I Don’t Want to Share a Beer with my Commander-in-Chief

There has been a good deal written about the desire of many voters for “fresh faces,” outsiders with no prior experience with government. This has led to patient efforts to explain to those voters why giving someone access to the nuclear codes who doesn’t understand what they are or how government works might not be the best idea.

We Americans tend to confuse celebrity with competence, likability with ability to do the job. You would think we’d learn…

Case in point: Most commentators attributed the original victory of George W. Bush over Al Gore to the former’s “likability.” Bush seemed like the sort of person you’d like to have a beer with, the pundits explained, while Gore was stiff and “professorial.”

The rest, as they say, is history. And much of that history is still being uncovered…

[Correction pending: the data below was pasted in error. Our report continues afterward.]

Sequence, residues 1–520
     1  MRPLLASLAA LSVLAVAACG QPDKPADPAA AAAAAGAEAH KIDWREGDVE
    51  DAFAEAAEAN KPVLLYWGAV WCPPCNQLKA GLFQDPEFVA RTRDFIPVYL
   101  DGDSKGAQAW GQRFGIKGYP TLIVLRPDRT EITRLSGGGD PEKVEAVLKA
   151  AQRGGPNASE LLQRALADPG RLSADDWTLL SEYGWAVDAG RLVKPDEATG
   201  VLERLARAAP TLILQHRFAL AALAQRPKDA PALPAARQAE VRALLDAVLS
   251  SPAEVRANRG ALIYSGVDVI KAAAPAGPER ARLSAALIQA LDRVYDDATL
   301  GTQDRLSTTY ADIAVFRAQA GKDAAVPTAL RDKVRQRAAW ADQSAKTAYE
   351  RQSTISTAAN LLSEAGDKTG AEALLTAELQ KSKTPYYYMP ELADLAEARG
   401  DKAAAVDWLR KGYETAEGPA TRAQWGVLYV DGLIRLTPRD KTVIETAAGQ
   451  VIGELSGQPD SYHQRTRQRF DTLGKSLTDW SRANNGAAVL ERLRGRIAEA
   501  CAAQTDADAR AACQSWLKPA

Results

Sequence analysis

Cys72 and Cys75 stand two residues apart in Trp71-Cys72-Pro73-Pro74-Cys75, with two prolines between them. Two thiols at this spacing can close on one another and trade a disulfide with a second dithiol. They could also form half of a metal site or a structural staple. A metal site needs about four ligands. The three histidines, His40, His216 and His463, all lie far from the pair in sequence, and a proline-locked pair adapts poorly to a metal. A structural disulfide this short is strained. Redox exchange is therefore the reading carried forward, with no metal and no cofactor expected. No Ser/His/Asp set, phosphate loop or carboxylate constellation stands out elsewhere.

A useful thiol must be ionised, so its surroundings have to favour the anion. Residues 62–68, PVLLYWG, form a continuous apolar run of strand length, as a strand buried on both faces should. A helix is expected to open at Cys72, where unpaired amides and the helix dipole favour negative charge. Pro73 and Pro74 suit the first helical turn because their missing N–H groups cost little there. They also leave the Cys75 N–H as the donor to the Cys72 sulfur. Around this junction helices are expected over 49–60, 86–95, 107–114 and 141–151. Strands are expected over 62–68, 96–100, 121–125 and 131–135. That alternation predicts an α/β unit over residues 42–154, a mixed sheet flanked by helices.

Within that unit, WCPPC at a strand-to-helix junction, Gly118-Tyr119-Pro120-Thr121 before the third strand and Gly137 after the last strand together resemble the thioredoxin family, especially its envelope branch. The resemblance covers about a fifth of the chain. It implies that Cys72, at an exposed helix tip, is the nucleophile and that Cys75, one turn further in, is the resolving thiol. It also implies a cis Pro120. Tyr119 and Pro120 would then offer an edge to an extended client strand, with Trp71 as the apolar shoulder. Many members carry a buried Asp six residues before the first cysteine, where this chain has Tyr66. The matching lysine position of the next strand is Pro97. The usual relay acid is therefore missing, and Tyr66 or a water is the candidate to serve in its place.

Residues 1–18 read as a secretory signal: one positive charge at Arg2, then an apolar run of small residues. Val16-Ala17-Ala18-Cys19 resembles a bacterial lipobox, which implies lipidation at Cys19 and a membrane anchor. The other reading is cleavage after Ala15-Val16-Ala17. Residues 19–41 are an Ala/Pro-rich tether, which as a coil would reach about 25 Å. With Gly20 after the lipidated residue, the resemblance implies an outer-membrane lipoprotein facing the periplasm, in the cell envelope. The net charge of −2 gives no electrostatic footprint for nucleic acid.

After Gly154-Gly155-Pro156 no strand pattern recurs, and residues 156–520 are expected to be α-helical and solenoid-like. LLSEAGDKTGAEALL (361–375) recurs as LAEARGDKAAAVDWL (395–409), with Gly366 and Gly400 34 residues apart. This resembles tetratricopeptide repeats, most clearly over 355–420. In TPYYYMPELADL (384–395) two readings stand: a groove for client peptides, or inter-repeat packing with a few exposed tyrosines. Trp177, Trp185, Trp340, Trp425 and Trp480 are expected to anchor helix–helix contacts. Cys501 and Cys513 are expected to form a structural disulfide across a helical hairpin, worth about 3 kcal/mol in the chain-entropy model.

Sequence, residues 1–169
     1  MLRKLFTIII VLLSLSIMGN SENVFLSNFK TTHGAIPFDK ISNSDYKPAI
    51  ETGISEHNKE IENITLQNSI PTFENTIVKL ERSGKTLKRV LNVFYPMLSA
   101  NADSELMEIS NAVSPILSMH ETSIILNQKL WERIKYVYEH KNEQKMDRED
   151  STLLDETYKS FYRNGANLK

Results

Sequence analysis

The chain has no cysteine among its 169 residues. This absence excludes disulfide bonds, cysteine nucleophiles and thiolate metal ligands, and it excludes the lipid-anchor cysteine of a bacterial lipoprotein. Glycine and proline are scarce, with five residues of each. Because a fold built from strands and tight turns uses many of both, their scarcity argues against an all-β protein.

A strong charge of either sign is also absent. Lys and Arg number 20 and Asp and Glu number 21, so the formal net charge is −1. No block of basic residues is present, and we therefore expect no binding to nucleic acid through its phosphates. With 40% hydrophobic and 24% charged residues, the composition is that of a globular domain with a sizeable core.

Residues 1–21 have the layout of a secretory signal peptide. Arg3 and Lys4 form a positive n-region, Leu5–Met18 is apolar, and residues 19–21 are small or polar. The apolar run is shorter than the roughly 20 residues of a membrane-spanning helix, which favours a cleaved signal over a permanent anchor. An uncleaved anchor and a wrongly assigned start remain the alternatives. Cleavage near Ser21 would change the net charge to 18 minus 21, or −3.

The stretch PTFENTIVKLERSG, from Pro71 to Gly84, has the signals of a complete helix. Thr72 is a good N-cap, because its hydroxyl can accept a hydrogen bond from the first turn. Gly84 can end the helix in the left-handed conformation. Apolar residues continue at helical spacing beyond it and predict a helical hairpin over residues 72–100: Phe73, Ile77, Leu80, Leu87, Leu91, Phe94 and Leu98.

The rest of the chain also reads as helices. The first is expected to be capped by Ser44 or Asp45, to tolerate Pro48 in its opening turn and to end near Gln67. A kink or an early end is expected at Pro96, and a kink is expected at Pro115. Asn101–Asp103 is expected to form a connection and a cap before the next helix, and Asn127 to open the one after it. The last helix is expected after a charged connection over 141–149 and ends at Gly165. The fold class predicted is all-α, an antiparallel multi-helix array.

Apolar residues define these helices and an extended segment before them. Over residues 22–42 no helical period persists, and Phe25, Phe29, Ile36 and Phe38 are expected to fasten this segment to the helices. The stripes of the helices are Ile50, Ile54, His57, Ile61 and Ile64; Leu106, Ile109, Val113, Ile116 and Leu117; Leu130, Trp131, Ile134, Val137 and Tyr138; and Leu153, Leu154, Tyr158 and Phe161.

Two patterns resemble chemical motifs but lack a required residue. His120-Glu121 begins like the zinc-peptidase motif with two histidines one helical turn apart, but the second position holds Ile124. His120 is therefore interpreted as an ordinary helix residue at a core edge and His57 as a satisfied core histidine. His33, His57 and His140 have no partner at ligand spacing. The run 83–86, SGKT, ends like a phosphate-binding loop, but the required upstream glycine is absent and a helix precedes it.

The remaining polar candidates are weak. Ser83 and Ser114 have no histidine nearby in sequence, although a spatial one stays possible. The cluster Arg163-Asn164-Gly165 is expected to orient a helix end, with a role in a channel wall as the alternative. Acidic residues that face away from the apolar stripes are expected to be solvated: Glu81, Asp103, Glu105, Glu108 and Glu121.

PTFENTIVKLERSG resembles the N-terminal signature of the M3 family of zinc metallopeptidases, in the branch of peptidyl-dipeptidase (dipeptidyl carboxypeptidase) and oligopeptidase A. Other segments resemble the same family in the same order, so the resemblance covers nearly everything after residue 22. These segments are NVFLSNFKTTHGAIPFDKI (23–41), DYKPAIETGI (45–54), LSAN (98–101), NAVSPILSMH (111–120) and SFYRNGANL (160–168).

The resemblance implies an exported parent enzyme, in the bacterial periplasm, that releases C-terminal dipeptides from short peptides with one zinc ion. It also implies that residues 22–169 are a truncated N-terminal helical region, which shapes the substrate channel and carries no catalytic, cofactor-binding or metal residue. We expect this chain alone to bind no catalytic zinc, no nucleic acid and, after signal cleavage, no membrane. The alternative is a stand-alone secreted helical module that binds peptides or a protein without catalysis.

Chris Whipple has written a story at Politico offering a long teaser of the upcoming Showtime documentary The Spymasters. He and two colleagues spent more than a hundred hours interviewing the 12 living CIA directors, with considerable focus on the 9/11 attacks. Although the overall picture of failure by the administration to prevent the attacks has long been known, the story and documentary provide some added details. The key detail is that the warnings the Bush White House received from the CIA in the summer of 2001 were a lot more chilling than the infamous August 6 presidential daily brief. Writes Whipple: